About

Grow What You Love

 

In gardening, as in life, I say, GROW WHAT YOU LOVE. Find the things that make you happy and grow them. Lots of them. If I ever hesitated with a task my mother, not usually sporting the mouth of a sailor, would say, “Sh*t or get off the pot, Emily”. Meaning, if you’re going to do something, then do it. And so too with growing.

Pass The Pistil, shortened from Shoot or Pass the Pistil, is a play on those words. Get to it, make it count and pass it on. Over the years Pass The Pistil has taken on a life of its own. Honing in on what really matters. 

First, start. Start small, but start. Next, prioritize. Focus on the things you love and grow them and, like with anything cultivated, thrive. Growing the things you love begets more of the same. All the good stuff — the tangible and obvious — seeds, flowers, food and fun. And all the things in between, the things that make living, living. Finally, share. Pass the pistil and spread the love. Growing isn’t limited to a garden.

It’s a basic recipe, but for now, it’s sticking. Like olive oil, salt and pepper it’s a good place to begin even if it makes no mention of mistakes. They’re in there, mixed in with “all the things in between”, an essential part of the adventure.

So what is this all about? I like to think the name says it all. PASS THE PISTIL. GROW WHAT YOU LOVE, lots of it and pass it on.

My Start

If you were around in the 70’s, I was the kid down the road whose family was growing potatoes in her front yard instead of a lawn.  I was told it was Portuguese tradition and good luck for a new
home.  (My paternal grandfather was Portuguese, a dear little man who ran a farm in Sonoma County, California.)  I remember feeling a mixed sense of pride and embarrassment at our patch of potatoes, conspicuously placed for all to see.Emily Murphy, Age 6

We grew food and flowers, mostly daisies, and were fairly self reliant on our 1/2 acre lot, at least when I was young.  But my passion for gardening is probably not unlike yours, a more complex yet simple affair.  A love affair.

It began with natural childhood curiosity, time spent outdoors, and my grandmother, the garden she kept, and the pockets of orchards and berry patches sprinkled around the hillsides near her home.  She grew grapes on the arbor of her deck where the steps led down to a garden of meandering paths and beds filled with flowers and edible treats.  On one fence there were snap peas growing and around the corner butterflies flocked delicate, pink flowers.  It was a place to explore and wonder.  The fencing and gates protecting the garden from the surrounding wilderness added to its enchantment, heightening awareness and forever imprinting itself upon me.

My personal gardening style emulates these two realms.  A blend of wild, form and function creating a place to discover, retreat, grow food and generate habitat, for critters and humans alike.  However, I appreciate and find myself in awe of almost any garden.  Traditional gardens, roof top gardens, potted gardens, meadows, even highly structured gardens and, yes, even those filled with topiary.

Emily Murphy is a garden designer, writer, enthusiastic botanist, runner, cyclist, consultant, educator and native of Northern California.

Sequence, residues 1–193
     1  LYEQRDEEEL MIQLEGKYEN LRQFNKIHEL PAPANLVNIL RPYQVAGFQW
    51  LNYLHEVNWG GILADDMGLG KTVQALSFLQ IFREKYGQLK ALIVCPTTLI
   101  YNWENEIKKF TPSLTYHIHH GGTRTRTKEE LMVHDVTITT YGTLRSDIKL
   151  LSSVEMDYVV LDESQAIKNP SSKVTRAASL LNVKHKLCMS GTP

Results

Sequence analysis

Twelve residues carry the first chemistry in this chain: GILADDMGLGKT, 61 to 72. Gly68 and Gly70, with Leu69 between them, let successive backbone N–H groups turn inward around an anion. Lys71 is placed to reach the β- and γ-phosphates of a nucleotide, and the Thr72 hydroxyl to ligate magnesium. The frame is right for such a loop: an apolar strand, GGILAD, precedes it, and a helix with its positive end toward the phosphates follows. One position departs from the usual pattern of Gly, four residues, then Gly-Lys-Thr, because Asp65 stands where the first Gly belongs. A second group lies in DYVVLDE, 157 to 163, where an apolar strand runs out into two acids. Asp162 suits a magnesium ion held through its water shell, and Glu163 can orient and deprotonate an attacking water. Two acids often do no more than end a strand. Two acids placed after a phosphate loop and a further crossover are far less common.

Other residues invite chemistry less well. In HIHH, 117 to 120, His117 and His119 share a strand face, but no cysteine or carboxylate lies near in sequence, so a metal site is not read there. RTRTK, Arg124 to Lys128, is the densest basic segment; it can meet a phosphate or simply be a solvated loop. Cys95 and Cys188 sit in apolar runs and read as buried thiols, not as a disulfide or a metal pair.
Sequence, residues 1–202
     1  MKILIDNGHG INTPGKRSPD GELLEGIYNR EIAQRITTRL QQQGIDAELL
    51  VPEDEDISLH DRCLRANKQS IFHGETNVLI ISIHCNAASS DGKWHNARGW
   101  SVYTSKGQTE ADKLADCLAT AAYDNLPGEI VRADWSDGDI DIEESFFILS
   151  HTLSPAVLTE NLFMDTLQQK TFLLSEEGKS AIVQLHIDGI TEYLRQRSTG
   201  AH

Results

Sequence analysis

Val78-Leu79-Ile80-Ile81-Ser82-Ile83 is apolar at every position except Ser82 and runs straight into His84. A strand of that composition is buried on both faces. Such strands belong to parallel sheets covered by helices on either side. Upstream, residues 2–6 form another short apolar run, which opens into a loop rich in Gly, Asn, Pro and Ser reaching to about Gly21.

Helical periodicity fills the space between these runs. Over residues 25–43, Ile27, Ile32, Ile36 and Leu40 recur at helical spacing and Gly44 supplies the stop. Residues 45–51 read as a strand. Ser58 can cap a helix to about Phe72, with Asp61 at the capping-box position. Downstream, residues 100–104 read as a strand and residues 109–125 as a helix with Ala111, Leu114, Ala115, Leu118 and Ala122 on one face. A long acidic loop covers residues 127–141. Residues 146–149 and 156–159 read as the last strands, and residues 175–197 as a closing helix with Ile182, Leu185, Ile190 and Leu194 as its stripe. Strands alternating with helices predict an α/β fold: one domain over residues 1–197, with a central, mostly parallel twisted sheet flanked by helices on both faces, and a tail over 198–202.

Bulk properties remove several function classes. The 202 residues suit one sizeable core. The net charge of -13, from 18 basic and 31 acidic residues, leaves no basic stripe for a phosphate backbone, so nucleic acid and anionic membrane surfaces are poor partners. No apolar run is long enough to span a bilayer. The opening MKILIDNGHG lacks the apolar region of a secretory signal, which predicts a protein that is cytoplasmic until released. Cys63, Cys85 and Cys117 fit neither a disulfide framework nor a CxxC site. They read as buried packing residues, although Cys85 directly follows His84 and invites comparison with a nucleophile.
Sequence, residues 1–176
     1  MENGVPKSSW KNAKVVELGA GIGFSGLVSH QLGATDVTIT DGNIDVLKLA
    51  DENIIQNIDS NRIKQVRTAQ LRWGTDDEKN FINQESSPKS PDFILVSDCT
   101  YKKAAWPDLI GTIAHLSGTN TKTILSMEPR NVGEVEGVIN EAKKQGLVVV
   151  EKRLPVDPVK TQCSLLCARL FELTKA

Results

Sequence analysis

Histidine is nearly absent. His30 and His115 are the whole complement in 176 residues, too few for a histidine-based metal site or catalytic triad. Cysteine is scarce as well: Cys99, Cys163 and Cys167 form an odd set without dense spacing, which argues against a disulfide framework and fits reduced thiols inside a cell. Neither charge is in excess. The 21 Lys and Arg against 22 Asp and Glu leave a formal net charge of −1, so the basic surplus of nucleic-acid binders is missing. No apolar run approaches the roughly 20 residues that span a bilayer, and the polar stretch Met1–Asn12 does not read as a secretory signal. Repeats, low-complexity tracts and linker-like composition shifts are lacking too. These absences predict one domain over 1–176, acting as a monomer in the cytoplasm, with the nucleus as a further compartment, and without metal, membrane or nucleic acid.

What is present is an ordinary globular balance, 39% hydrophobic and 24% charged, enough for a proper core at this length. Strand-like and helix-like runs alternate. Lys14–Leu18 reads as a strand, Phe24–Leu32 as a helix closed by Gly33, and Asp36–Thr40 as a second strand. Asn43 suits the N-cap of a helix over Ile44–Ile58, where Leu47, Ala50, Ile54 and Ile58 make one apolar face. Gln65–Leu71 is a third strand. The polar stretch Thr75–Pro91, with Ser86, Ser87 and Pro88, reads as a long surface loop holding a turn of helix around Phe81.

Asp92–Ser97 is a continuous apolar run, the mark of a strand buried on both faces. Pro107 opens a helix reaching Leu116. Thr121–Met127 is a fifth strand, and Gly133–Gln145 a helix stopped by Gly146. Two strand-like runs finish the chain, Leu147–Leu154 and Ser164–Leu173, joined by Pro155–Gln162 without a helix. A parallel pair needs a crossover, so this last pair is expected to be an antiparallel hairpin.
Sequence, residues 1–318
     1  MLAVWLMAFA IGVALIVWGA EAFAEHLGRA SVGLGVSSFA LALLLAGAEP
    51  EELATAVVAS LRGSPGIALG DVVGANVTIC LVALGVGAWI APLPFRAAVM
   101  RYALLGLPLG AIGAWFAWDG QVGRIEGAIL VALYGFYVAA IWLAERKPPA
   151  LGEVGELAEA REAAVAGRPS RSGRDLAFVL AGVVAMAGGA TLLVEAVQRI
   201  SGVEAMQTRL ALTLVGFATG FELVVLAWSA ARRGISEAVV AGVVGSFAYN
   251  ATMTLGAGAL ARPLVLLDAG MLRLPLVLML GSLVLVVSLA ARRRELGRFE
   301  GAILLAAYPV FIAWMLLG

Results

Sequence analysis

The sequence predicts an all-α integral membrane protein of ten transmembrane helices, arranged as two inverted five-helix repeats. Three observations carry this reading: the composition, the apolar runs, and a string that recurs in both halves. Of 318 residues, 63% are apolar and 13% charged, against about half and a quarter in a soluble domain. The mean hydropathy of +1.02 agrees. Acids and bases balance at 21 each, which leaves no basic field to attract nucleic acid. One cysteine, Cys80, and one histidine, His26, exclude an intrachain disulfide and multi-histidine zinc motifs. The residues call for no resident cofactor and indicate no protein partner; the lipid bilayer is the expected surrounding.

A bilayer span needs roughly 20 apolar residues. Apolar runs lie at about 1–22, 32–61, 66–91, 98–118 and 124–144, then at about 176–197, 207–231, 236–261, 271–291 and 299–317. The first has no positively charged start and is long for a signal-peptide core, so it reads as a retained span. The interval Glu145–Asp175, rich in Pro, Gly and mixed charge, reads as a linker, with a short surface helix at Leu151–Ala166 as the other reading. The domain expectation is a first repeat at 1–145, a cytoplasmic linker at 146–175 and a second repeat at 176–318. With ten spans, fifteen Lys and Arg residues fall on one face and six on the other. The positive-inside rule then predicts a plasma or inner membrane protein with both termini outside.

Shooting From the Hip

“Shit or get off the pot.”  This is a phrase my mother commanded on a regular basis while I was growing up and continues to utter to this day.  She has never needed to shout, these five words are enough.  Especially for someone like me with a good, Catholic upbringing.  (Guilt, duty, respect.  They all kick in.)  If you want to do something, then do it.  Get to it and do it right.  Which leads to my mother’s next utterance, often stated a bit more firmly:  “And if you’re going to do it half-assed then don’t do it at all.”  Well, this about sums it up.  Not to offend anyone, but phrases such as these do get to the point (and I’ve taken them to heart).

Shoot or Pass the Pistil, my garden friendly version of “shit or get off the pot”, is a resource aiming to inspire gardeners and exploring fertile ground in an attempt to get both cheeks in on the action.  Get to it and take it to heart.

Shoot or Pass the Pistil

Gardening, in its strictest sense, is the cultivation of plants and while this is true, we know it is much more.  The tending of plants is the beginning, the crazy love of gardening that comes from the tending of plants is a synthesis of experiences.  The expression of this is personal and individual, but also common and shared.

I’ve started Shoot or Pass the Pistil in part because I have yet to come across an easy to read publication that touches on these ideas, from the “how” of gardening to the “why” of gardening.  The spectrum of these ideas are not separate, but essential to one another.  It is in the cultivation of a plant or garden that we also cultivate ourselves (and each other).

Then there is this insatiable, wren-like, curiosity and love of learning I can’t shake.  I have a graphic and insane vision of myself quite literally popping if I don’t begin this process.  A forum to explore and test the relationship between the act of gardening and the outcomes of gardening seems essential, vital and necessary.  And yet, inspiration for the simple act of gardening might be enough for us to each draw our own conclusions.

Do it now.  Grow a garden: kitchen garden, flower garden, potted garden, school garden, community garden.  Tend a garden for habitat, play, beauty, contemplation.  Get to it and let it take you by the heart.

Though my mother would say it differently, it’s time to Shoot or Pass the Pistil.